6th February 2023: AI, AI, Captain
So, AI: The Somnium Files is a game I've recently played through. I'm not really sure how in the world I'm going to write about it though, as it was freakin' nuts. Oh well, here goes...
A few years back, I was watching a gaming podcast where this somewhat fascinating game got mentioned. It seemed like something I would like to play, being a murder mystery where the main character has a fake eye which contains an artificial intelligence. This AI helps the protagonist investigate crime scenes by offering suggestions and bestowing different vision modes such as heat and x-ray.
So when I saw it cheap-ish a couple of years back, I picked it up, only for it to promptly get lost somewhere in my mountain of other games.
After that, maybe about a year ago now, I watched a couple of different streamers play a game called 999. This game was also bonkers, with strange puzzles and a host of alternate timeline wibbly-wobbliness. It seemed like a game that would be hell to play, but as something to put on in the background while doing other things, it was quite fun to experience through someone else's eyes.
Something I didn't know going into this, was that AI is made by the same devs that made 999. There was a slightly painful realisation, when I heard some familiar sound effects, and saw that there was a flowchart that was going to keep track of the alternate timelines. I really didn't want to play a game where I had to finish it multiple times to get the true ending. But I sighed, and plodded on.
And plodded on is an accurate way to describe my actions in this game. I simply can not understand how it was such a drag to play a game where so much crazy shit happens.
The protagonist of the game is Kaname Date (pronounced Kanarmay Dartay), a cop who lost his memory and left eye six years ago. Instead of a normal prosthetic, Date's eye socket instead houses an eyeball-shaped artificial intelligence named Aiba, who can telepathically talk to him and assist him on his missions.
Most of the game's narrative is told through very lengthy visual novel segments, while what little gameplay there is happens in sections called "psyncs". In a psync, Date and Aiba enter the mind of a suspect or witness in order to search for clues to the case. These sections involve wondering around the other person's subconscious in a dream-like landscape, where "puzzles" must be solved in order to progress. It is in these psync sections that different actions can be performed that will split the story off into its different timelines.
As I've alluded to above, I didn't really like playing this game. I would have much preferred to do something else while having footage of it from Youtube or Twitch playing in the background, like I did with 999.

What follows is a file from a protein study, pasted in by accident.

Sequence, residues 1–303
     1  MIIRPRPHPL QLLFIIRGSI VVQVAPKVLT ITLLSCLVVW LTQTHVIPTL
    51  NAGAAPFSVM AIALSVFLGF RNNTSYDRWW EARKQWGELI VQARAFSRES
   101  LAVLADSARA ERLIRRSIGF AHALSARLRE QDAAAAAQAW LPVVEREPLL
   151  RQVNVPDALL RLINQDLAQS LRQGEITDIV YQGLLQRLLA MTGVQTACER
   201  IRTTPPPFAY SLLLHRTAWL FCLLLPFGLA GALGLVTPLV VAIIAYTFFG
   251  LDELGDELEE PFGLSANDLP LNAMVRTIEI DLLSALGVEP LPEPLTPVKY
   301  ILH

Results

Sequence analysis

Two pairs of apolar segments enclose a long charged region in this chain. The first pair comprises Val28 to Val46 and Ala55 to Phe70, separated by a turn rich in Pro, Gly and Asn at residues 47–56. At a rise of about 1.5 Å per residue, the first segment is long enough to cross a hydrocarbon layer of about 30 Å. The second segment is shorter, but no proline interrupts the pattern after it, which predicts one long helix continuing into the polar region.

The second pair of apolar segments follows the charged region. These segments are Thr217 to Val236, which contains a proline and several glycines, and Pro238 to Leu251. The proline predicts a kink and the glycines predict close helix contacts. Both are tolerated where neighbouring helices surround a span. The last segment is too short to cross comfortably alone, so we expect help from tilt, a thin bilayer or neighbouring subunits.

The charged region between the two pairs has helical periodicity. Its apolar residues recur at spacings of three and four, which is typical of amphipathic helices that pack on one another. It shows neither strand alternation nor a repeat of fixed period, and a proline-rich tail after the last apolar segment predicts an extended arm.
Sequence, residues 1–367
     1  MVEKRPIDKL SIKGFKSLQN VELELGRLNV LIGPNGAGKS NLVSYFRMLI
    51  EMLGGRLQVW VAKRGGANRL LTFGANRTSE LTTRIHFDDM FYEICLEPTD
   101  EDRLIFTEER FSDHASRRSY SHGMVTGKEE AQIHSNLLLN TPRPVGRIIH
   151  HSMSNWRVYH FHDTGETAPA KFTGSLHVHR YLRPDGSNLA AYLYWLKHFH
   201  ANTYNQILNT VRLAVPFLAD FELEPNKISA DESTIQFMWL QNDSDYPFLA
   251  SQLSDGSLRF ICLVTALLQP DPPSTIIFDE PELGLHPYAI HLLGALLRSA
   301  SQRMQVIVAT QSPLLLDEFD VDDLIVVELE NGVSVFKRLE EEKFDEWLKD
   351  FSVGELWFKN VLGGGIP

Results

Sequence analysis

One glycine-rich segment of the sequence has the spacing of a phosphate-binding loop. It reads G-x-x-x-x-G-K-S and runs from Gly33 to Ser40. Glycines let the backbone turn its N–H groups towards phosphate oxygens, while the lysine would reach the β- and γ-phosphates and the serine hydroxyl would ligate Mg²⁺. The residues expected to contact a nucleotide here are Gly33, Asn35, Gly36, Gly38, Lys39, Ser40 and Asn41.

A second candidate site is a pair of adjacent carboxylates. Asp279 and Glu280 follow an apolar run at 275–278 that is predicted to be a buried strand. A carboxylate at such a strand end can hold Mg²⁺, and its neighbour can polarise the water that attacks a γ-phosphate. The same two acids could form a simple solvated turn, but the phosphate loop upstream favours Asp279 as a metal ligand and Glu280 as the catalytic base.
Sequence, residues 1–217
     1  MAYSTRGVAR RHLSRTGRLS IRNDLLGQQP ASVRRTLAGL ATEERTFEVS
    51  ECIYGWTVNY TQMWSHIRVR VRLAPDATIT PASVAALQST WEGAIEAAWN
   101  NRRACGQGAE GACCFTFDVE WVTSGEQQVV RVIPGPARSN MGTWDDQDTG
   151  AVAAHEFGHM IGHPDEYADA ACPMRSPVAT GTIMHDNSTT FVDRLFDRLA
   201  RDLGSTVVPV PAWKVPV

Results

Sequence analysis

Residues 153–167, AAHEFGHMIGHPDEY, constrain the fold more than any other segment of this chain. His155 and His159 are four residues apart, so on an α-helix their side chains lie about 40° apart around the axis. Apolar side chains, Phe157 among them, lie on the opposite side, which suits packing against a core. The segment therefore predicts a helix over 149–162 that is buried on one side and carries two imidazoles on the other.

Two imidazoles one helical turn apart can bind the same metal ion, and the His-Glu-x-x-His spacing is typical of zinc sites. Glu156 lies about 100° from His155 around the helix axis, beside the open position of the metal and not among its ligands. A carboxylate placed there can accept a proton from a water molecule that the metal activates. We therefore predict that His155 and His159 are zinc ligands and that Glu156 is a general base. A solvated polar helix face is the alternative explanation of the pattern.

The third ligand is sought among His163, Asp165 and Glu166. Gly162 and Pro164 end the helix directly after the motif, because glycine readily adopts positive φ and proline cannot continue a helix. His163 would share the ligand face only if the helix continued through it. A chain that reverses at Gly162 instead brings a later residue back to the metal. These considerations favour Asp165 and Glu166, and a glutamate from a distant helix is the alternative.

The number one issue with it was that it is simply too long. If you want to do everything in the game, and also depending on how long you spend in the psync sections, the game can easily last 25-30 hours. And here's the thing - it could have easily been half that.
Because of the way the narrative is structured, a great deal of the dialogue and events are repeated in alternate timelines. In addition, many conversations contain at least one moment where a character will remind you of something that was said earlier. Then the game will flash back and show you when that earlier conversation happened. These recaps were happening all the time, and it was annoying. It was like talking to an elderly relative, who tells you the same story they've already told you a dozen times.
The gameplay itself didn't help. While it was always refreshing to get to freely move around an environment after listening to characters talk for an hour, the setting of the puzzle sections ruined them completely. This was because the puzzle sections are set in what are essentially people's dreams. And dreams don't make sense. This made the puzzles less about logic and more about trial and error, hit and hope, suck it and see. Key word here being suck.
While the basic idea of the game is an interesting one, I didn't find it was executed in a good enough way to really recommend the game to anyone else. Maybe they were rushed, or didn't have enough money, or whatever. But with more care and attention, and maybe if it was any other genre except visual novel, the game could have been really good.
There are a few things that I was more positive about, though. Yes, some of the characters are annoying as hell, this being an anime game after all. But some of the characters were actually pretty cool and fun. In typical fashion for me, I would say the best character was actually Aiba, the AI, who was quirky and an absolute sweetie pie.
The voice acting in the game varied quite wildly in both quality and volume, for some reason. While most of it was pretty good, there were a few really cringe moments, and the actress that voiced Hitomi should never do a crying scene again. Oh dear.
The humour in the game also helps it be less boring, but the constant tone shifting between really silly and really serious is enough to give you whiplash at times.
Overall, the basic plot of the game was quite interesting. However, take a step back and you will see a million and one plot holes and other things that don't make sense.
Minor spoiler here, but for example, there is a dead body hidden in a warehouse. This body has not only been there the entire game, it has actually been there for years. At the point of its discovery, we have already been to this warehouse several times earlier in the game. But because that the plot now demands it, Aiba can now somehow detect it with her fancy detecting skills, when she couldn't earlier. It was so dumb.
I think it's safe to say I won't be touching this ever again. I was hoping for so much more.